We all know that meditation can reduce stress and anxiety. A meditation practice can even help with physical issues like high blood pressure and insomnia. But can it help with more pronounced conditions like a broken leg?
Danny Penman, in this recent Daily Mail post, recounts his experience with Mindfulness Based Cognitive Therapy (MBCT), professing that much of his speedy recovery from a paragliding accident in which his leg was severely broken was the result of meditation.
According to Penman, by using a simple mindfulness meditation practice, his pain subsided and he was able to drastically reduce his intake of painkillers. Moreover, his outlook on life increased as he was able to detach from future worry about how the injury might affect him in the long run.
A typical meditation session consists of focusing on breathing and the sensations it creates. This reduces the levels of stress hormones in the body which, in turn, enhances healing and boosts physical health.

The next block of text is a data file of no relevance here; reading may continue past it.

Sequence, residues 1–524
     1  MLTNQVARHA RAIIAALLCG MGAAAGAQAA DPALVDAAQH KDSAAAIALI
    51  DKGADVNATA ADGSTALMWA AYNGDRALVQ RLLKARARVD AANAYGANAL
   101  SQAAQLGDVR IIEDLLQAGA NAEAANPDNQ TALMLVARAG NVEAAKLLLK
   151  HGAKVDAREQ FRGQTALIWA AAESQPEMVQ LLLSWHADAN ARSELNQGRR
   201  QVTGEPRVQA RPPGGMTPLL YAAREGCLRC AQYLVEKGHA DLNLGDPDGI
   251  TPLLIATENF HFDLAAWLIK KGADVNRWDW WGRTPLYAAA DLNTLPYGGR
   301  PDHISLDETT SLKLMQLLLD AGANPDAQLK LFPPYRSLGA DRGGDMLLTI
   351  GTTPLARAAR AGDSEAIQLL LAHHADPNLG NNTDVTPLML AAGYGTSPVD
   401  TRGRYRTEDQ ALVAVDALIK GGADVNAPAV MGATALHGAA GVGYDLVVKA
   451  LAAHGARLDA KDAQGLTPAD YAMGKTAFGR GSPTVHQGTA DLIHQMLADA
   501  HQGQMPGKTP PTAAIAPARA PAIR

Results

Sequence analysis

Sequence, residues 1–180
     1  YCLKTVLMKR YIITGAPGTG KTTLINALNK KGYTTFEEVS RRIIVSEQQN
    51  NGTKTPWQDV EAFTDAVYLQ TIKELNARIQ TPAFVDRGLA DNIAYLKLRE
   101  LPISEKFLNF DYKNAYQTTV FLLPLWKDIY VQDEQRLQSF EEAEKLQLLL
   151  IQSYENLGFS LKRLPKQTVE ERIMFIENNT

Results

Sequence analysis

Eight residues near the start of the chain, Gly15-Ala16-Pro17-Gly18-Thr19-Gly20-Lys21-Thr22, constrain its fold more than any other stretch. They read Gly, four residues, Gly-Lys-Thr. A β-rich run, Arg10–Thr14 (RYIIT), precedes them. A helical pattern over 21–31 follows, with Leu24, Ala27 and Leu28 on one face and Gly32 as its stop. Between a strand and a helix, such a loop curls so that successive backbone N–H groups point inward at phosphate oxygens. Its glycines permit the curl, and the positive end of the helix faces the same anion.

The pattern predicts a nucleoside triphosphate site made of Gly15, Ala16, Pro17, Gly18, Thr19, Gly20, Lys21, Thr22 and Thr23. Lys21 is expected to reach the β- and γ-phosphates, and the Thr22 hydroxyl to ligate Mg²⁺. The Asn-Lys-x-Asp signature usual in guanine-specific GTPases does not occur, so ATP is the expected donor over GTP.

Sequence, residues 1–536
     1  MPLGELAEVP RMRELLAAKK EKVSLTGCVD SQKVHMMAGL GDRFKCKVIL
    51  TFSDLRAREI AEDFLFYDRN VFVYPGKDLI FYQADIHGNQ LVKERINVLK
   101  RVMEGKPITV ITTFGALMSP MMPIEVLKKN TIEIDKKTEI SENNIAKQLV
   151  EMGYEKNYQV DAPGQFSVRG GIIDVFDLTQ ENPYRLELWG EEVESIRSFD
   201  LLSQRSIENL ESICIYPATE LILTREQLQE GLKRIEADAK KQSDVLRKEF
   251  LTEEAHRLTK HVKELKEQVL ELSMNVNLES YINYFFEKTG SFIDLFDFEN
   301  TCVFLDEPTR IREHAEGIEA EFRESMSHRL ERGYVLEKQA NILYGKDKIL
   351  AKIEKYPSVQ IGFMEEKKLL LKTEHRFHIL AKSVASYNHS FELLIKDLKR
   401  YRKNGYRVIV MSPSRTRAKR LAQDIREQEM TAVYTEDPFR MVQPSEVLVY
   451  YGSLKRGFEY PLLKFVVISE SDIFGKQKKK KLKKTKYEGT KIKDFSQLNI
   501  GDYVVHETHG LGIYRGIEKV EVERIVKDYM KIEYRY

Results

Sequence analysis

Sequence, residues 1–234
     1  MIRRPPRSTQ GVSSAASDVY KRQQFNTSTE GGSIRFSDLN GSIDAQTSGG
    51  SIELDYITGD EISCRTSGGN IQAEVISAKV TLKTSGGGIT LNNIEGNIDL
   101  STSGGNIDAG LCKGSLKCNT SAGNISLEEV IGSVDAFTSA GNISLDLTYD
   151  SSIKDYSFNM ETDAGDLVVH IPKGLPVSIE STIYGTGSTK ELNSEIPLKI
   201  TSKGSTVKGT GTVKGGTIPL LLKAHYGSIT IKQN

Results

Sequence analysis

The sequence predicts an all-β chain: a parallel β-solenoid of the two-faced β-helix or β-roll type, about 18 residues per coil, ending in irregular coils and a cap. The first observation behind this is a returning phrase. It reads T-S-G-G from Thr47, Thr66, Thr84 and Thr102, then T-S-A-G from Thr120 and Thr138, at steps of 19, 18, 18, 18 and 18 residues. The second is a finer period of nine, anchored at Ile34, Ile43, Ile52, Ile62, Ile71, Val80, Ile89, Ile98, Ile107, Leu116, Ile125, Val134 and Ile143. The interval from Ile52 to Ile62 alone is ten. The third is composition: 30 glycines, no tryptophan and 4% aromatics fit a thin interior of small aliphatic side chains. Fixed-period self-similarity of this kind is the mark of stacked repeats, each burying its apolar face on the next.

It helps partly by teaching you to live in the present moment rather than worrying too much about the past or the future.
Faced with the evidence, I decided to try mindfulness meditation. I began each day with a ten-minute breathing meditation to calm the mind. At bedtime, I would meditate for 30 minutes while visualising a warm, white, healing light sweeping up and down my leg.
This simple meditation programme worked to an astonishing degree. My pain gradually subsided and I slashed my intake of painkillers by two-thirds. I also developed a more contented outlook, seeing my injuries as temporary problems that would gradually subside rather than as limb-threatening ones that might confine me to a wheelchair.
Read more from Penman on his experience with mindfulness meditation here.